Strategies for recruiting injection drug users for HIV prevention services in Delhi, India
- Equal contributors
1 Population Council, 4301 Connecticut Avenue, NW Suite 280, Washington DC 20008, USA
2 Population Council, Zone 5A, Ground Floor, India Habitat Centre, Lodi Road, New Delhi 110003, India
3 Sahara Centre for Residential Care and Rehabilitation, B-9/11, Chandan Singh Market, IGNOU Road, Saidulajab, New Delhi 110030, India
4 Population Council, 1 Dag Hammarskjold Plaza, New York 10017, USA
5 PATH, 455 Massachusetts Avenue NW, Suite 1000, Washington DC 20001, USA
Harm Reduction Journal 2013, 10:16 doi:10.1186/1477-7517-10-16Published: 25 September 2013
We utilized multiple recruitment approaches to recruit IDUs in a longitudinal cohort study to examine HIV incidence and behavior change pre- and post-introduction of comprehensive HIV prevention services.
IDUs were recruited through peer referral, targeted outreach by outreach workers (ORWs) and as walk-in clients at drop-in centers. Participants received monetary compensation for participation (USD 0.80). Participants were given recruitment coupons to recruit peers (regardless of recruitment method). For peer referral, participants received a food coupon, as secondary compensation, for each peer he/she successfully recruited. We report the profile of IDUs by recruitment method, based on the baseline behavioral survey and HIV test results. Cost per IDU recruited by recruitment method was also calculated.
A total of 3,818 IDUs were recruited between May 2011 and October 2011. More than half of the study participants were recruited through targeted outreach (ORW: 53.6%; peer-referral: 26.3%; walk-ins: 20.1%). Of the participants who were given recruitment coupons, 92.7% recruited no peers. Those who successfully recruited at least one peer were significantly more likely to be in a stable living accommodation compared to those who did not recruit any peers (51.1% versus 42.7%; p < 0.05). Only 45.9% of the food coupons were claimed for successful recruitment of peers. Peer-referred IDUs were more likely to be living with family or relatives (50.7% versus ORW: 40.1% and walk-in: 39.8%; p < 0.001) rather than on the street or shared housings compared to the other two recruitment modes. Walk-ins were more likely than peer-referred and ORW-referred IDUs to be HIV-positive (walk-ins: 26.1%; peer-referred: 19.1%; ORW: 19.9%; p < 0.01) and have risky injection practices (walk-ins: 62.2%; ORW: 57.0%; peer-referred: 58.6%; p < 0.05). The cost per IDU recruited through ORW referral method was the most costly at USD 16.30, followed by peer-referral at USD 8.40 and walk-in at USD 7.50.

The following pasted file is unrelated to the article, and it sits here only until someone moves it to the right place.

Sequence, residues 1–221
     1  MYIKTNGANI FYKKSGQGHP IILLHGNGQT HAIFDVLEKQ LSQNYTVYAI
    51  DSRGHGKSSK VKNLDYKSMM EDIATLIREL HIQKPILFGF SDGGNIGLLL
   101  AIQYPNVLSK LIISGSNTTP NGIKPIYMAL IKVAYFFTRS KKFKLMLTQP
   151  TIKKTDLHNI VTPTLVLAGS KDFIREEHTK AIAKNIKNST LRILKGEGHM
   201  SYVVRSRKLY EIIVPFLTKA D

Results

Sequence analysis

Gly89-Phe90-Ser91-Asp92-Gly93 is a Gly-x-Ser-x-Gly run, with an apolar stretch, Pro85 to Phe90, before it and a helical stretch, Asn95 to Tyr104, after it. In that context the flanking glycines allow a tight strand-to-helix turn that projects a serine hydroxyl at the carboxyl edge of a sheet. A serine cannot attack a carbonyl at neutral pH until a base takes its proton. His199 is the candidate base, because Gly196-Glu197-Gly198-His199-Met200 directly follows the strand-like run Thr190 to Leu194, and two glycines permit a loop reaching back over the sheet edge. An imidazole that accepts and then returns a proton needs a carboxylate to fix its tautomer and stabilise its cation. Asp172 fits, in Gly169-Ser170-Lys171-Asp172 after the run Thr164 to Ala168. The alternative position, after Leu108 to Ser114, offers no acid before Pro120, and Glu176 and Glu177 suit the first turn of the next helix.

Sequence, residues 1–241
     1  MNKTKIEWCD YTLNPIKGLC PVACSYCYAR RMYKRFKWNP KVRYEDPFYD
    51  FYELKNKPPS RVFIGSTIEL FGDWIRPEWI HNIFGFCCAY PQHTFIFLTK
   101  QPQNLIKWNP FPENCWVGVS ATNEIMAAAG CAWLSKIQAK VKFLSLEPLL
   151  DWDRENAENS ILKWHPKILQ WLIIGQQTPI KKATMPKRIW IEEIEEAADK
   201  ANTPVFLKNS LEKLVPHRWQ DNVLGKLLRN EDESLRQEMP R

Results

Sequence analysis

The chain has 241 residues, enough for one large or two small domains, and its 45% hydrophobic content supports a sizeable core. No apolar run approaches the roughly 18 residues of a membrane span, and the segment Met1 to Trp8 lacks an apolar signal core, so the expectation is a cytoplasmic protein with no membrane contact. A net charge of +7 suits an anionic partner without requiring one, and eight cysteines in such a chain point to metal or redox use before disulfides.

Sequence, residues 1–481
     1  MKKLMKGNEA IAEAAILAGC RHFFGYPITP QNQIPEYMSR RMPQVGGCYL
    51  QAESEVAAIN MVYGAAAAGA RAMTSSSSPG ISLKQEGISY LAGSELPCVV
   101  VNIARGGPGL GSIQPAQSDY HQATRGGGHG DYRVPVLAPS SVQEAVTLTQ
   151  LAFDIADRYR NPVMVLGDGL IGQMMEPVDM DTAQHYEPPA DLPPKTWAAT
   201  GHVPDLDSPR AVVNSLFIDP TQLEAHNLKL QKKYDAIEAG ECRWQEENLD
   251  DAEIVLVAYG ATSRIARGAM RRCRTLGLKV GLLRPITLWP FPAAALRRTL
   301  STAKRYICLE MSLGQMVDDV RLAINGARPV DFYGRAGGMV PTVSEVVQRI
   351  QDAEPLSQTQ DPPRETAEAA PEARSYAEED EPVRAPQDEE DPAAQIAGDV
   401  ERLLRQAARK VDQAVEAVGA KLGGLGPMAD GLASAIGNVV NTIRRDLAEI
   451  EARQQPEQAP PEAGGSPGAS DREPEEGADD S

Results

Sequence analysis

When recruiting a large number of IDUs, using multiple recruitment modes is ideal with regard to diversification of IDU characteristics and risk profile. Although it was the most costly, ORW recruitment was more effective than the other two methods. Lack of monetary compensation for successful recruitment of peers may have hampered peer-referral.